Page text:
More on that later. That nauseous feeling from last week still hasn’t left Bobbi, and to her credit she spends a lot of this episode visibly uncomfortable with everything that “S.H.I.E.L.D.” is up to. It doesn’t help that as she tries to defend Skye, Gonzales decides to continue on his jerk path to Jerk Town. His assumptions that Coulson is collecting high-powered people are completely unfounded (though not, we will later find, completely untrue) and if he’s trying to recruit the elusive and easily made snarky hybrid FitzSimmons, he’d do better with a softer approach. Cupcakes would help. Basically it boils down to Coulson being dangerous because his people are loyal. That’s what happens when you treat your coworkers like human beings, Gonzales. And include dental with their corporate Blue Cross and Blue S.H.I.E.L.D. insurance. I’m not apologizing for that pun.
It is my gift, it is my curse, and if it feels like I’m not the only one cribbing from outside cannon, that’s because Lincoln and Skye have virtually the same exchange about Skye’s powers. A tiny part of me is disappointed Skye didn’t follow up with “I am Spider-Man.” It’s in no way appropriate, but it just feels like we’ve abandoned a connection. We also learn that Lincoln is none too impressed with Jemma’s super-powered carpal tunnel sleeves, and in case we haven’t figured it out by now—because apparently Skye hasn’t—the transition is irreversible. No worries though because Gordon is bringing deep-dish pizza in from Chicago for dinner. I adore Gordon. You’ve gotta respect a man who knows the value of good pizza.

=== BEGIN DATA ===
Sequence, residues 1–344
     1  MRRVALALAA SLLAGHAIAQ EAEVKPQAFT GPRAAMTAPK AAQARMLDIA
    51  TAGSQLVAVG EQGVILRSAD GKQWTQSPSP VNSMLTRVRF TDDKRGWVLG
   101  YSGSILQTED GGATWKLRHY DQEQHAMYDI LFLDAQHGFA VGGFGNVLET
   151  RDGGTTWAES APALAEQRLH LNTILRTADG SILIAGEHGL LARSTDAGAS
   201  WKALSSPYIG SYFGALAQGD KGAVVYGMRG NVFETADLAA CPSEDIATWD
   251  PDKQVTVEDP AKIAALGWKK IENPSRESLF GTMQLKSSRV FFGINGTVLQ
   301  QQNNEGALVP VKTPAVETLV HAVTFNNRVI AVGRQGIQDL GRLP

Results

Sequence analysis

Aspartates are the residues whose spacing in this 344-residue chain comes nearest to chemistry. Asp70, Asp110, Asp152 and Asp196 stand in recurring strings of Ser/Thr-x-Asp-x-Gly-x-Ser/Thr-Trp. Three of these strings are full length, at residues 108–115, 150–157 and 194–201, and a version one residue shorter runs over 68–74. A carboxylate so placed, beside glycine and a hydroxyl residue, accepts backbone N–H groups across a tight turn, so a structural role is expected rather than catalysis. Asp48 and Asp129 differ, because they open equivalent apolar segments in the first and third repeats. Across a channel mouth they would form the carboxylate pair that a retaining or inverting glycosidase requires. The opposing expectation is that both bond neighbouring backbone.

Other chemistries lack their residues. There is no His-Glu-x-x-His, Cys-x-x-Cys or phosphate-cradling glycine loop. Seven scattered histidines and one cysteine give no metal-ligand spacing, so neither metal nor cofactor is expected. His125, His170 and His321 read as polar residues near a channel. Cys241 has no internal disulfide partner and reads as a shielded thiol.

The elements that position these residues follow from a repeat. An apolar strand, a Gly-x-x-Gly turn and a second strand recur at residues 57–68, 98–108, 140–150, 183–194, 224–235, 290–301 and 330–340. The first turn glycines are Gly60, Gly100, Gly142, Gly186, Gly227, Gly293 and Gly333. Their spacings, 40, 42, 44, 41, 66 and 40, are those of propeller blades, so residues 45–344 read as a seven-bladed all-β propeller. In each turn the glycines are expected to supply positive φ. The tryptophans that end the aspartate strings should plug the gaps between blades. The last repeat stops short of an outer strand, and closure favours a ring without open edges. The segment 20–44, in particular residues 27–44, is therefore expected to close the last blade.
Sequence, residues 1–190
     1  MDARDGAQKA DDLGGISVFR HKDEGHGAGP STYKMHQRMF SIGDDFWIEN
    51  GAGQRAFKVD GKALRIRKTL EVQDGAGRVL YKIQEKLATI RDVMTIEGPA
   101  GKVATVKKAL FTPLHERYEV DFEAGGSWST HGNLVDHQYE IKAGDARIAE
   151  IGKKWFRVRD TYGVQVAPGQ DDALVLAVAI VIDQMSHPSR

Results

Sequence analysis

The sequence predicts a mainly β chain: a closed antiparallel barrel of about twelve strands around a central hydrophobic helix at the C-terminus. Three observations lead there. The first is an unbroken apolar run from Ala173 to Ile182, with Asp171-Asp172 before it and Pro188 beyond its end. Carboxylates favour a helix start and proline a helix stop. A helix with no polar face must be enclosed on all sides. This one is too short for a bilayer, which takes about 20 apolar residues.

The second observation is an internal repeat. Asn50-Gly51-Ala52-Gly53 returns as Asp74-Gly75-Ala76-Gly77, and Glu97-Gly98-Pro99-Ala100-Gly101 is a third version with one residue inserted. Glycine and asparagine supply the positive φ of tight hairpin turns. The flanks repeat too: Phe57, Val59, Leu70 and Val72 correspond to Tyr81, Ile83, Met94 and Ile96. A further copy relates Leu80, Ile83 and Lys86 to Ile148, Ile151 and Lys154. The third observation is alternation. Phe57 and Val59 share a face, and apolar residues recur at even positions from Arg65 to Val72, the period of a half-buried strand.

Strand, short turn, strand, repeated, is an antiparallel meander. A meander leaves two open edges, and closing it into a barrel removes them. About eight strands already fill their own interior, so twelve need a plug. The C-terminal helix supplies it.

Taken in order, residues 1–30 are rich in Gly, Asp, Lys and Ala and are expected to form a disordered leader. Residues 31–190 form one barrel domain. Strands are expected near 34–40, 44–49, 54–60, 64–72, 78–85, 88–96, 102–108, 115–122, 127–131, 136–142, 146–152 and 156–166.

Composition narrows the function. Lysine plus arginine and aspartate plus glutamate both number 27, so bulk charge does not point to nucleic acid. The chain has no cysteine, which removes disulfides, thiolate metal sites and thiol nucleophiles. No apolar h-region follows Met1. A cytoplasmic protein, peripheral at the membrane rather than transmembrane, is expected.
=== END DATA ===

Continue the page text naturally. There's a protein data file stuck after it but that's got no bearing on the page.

And whiskey! That would be Hunter, who is currently hiding out with Coulson in the Hulk Cabin. Coulson is a bit too understanding about Bobbi and Mack’s betrayal. I’m all for wise, forgiving Coulson, but when Hunter is pointing out that they stabbed you in the back (you know, like Loki) it’s okay to be a little grumpy, Coulson. You could even argue it’s emotionally healthy. Oh, and Hunter, as you’re about to learn: vaguely encouraging responses to the phrase “There are no good options,” will result in Coulson taking you a little too literally. As in he’ll invite the people hunting you to come break down the door of your new hidey-hole.